Under Texas law, remedies for a breach could include:
- Compensation, such as actual, reliance, restitution and liquidated damages
- Quantum meruit (recovery of the value of services performed)
- Specific performance of contract terms
- Release from contractual obligations
- Revision of a contract to reflect a mutual mistake
What if money damages alone can't make things right? In that case, you may be entitled to an what is known as an “equitable remedy.” In Texas, in addition to suing for financial damages, there are four available equitable remedies for breach of contract disputes:
- Rescission. Rescission is an agreement to void the contract and return both parties to the position they were in prior to the agreement. When the court grants rescission as a remedy, the contract and the parties’ rights and liabilities under it are cancelled, and any money exchanged must be returned. This remedy for breach of contract is not available if substantial performance on the contractual obligations have already been completed by one party or another.
- Specific Performance. Another option is to go to court and ask for specific performance, namely ask the court to order the breaching party to do everything that was promised. A court will not order specific performance as a remedy for breach of contract unless it can effectively oversee compliance with the order. For example, a court will not likely order a party to perform a series of activities over an extended period.
- Reformation. Reformation is essentially agreeing to a different deal. If one party breaches the contract, the other party is no longer bound by the agreement. But they wouldn't have entered into the agreement in the first place if they didn't have mutual interests. Reformation allows the contract to be tweaked or "re-formed" so that both parties want to comply with the terms. It’s a way of clarifying a contract that was based on a misunderstanding, a mistake, or one party's failure to disclose all the relevant information.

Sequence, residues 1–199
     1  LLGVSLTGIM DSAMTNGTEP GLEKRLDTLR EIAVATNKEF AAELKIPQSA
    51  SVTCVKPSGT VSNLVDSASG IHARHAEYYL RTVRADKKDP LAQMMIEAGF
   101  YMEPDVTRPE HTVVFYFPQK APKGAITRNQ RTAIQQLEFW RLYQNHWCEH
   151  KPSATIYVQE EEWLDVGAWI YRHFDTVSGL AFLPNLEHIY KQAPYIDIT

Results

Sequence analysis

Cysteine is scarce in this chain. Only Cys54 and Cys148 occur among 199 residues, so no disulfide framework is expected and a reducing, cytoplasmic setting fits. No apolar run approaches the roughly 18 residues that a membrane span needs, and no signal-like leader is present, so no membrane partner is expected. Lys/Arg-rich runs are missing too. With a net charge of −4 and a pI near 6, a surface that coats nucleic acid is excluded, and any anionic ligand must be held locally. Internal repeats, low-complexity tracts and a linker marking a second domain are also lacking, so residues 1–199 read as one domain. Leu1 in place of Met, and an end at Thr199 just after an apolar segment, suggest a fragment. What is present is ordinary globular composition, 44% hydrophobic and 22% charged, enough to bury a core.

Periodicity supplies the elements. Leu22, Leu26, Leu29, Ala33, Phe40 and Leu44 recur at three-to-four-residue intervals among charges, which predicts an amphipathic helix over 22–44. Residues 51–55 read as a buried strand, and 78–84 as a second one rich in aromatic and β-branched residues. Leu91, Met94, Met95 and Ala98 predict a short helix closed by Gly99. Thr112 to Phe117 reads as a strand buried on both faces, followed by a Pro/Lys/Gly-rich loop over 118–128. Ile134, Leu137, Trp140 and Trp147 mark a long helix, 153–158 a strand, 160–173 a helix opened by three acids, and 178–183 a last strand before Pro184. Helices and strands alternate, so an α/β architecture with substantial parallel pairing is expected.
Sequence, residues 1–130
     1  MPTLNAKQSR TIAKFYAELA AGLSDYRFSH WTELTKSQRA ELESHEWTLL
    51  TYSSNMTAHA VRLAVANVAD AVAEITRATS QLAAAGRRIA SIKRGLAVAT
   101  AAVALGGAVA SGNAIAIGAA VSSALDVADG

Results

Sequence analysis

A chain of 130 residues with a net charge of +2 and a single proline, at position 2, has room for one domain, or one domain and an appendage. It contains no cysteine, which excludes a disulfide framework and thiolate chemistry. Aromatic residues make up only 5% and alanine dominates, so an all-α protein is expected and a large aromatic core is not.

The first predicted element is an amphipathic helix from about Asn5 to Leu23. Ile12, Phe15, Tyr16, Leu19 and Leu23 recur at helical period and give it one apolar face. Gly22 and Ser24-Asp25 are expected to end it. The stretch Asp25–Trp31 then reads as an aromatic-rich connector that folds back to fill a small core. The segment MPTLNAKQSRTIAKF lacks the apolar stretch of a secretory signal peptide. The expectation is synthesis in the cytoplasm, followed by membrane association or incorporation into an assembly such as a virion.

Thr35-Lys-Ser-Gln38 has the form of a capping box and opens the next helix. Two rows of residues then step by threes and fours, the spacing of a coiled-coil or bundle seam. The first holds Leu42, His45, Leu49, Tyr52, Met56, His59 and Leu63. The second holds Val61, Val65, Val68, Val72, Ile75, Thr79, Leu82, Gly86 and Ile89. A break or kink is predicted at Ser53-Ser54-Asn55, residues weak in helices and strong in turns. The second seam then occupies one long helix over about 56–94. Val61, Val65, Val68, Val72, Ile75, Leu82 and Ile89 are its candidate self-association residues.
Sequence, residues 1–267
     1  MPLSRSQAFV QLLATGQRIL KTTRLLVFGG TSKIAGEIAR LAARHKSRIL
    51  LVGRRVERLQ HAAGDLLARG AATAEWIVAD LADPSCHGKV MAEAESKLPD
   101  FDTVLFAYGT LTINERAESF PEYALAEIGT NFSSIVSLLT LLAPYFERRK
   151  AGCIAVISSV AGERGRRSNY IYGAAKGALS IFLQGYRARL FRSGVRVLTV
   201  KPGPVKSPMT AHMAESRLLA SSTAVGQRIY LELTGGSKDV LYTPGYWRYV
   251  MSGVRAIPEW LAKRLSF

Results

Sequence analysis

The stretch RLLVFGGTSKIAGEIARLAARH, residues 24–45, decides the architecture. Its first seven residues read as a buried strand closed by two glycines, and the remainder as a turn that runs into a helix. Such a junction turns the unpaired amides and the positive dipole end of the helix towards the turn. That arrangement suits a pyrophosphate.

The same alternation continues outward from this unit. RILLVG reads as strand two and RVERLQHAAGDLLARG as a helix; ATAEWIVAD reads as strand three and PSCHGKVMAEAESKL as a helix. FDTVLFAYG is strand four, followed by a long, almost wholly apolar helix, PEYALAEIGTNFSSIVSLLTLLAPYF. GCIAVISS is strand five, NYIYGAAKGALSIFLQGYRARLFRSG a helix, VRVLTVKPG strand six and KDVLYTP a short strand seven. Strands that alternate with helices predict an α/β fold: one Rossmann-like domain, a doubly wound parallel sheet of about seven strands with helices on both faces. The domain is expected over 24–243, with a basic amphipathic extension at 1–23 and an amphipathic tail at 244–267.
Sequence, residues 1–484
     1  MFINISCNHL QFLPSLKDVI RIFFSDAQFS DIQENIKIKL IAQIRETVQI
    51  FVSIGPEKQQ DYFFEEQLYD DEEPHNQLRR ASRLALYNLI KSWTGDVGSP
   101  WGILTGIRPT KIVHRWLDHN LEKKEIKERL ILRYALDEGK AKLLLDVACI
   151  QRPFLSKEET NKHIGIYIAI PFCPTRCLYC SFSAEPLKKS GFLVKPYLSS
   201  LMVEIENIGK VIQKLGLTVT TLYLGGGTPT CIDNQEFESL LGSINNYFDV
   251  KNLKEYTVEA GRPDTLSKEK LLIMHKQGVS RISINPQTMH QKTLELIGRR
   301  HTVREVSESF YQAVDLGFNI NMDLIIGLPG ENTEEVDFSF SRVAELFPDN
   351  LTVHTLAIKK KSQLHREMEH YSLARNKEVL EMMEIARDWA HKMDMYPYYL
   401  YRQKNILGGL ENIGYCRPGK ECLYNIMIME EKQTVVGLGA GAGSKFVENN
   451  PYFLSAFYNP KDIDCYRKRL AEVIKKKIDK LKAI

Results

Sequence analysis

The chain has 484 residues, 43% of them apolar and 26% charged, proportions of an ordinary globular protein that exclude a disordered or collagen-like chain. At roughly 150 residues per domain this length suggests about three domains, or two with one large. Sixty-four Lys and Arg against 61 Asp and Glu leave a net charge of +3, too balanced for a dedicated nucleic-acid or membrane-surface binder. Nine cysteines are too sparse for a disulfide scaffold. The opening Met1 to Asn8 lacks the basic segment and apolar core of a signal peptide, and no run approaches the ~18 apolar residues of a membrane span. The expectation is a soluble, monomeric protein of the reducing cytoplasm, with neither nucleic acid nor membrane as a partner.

- Injunction. An injunction is a court order that tells a party either to do something or refrain from an action that would be harmful. This remedy is a way of maintaining, or restoring, the status quo.
When you work with Hendershot Cowart P.C., you work with our entire legal team. Our clients are backed by attorneys with more than 100 years of combined legal experience in Texas contract law, business fraud, and other types of business disputes. We are very familiar with what it takes to win a breach of contract lawsuit. We are here to guide you every step of the way – whether the contract dispute is resolved through mediation, arbitration, or litigation.
Our contract law attorneys also specialize in drafting, reviewing, and negotiating business agreements and contracts, handling thousands of such matters each year.